EI: The casting is very diverse. Did you do that consciously? Because usually you token the minority, but in here, it’s true to life. It’s people you know. Was that a conscious effort?
TH: It was a conscious thing because that’s the college I went to. When I went to junior community college, it was greatly diverse, and there was no individual single race or culture that was represented. As a matter of fact, we shot at Cal State Dominguez Hills, which is down in Orange County – that has the most diverse student body of any four-year university west of the Mississippi. So we wanted to reflect the world as it actually looks, particularly in a community college.
EI: Culture Clash – are you familiar with them? They’re funny guys...
TH: They’re great. I had seen a production of theirs that they did at the Getty a little over a year ago, and I just admired them so much and I wanted to be able to (1) represent what the restaurant industry looks like, which is an awful lot of Hispanics that work there; and also make one of them the boss, because he had been there for a long time; and also hire actors that would come up with so much great stuff. I was always able to say to them, “Guys, come up with something in the background there...” And as you’ll notice, they loaded up the frame with more stuff than I could have possibly imagined. Great jobs for great actors, I hope.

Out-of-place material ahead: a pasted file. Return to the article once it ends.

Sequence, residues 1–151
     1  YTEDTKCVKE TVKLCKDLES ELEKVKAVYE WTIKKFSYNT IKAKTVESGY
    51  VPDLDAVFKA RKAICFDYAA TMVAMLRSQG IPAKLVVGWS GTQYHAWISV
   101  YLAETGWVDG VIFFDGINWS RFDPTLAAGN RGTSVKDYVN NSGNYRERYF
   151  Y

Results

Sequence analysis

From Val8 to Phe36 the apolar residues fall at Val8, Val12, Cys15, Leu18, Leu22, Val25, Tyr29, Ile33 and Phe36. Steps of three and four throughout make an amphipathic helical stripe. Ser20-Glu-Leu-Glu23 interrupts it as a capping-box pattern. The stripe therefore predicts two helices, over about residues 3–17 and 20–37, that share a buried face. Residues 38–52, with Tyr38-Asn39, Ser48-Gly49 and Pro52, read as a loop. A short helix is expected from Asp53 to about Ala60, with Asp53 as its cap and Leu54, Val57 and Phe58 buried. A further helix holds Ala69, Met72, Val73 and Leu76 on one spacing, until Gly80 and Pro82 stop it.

EI: Julia, in the movie, you’re upset with your husband because he’s addicted to porn...
JR: I know, so picky, picky.
TH: And none of the guys here would ever think [laughs] of spending their time in such a manner.
EI: Both of you drink too much in the movie also. In life, what are some of the behaviors and addictions that you would not tolerate in a husband?
JR: I’m, luckily, happily married to a person that I admire and enjoy, so it’s not really fair to say or to conjure some kind of bad scenario that I wouldn’t tolerate. I think people have their different ideas of what’s good and what’s happy in this particular scenario that Tom drew for me. It was fun to play, and Bryan [Cranston] is hilarious, but it’s sad for both of them -- the situation they’ve gotten themselves into in that house.
EI: You also started acting young. I don’t think you went to college...
JR: I didn’t.
EI: How do you feel you got your education?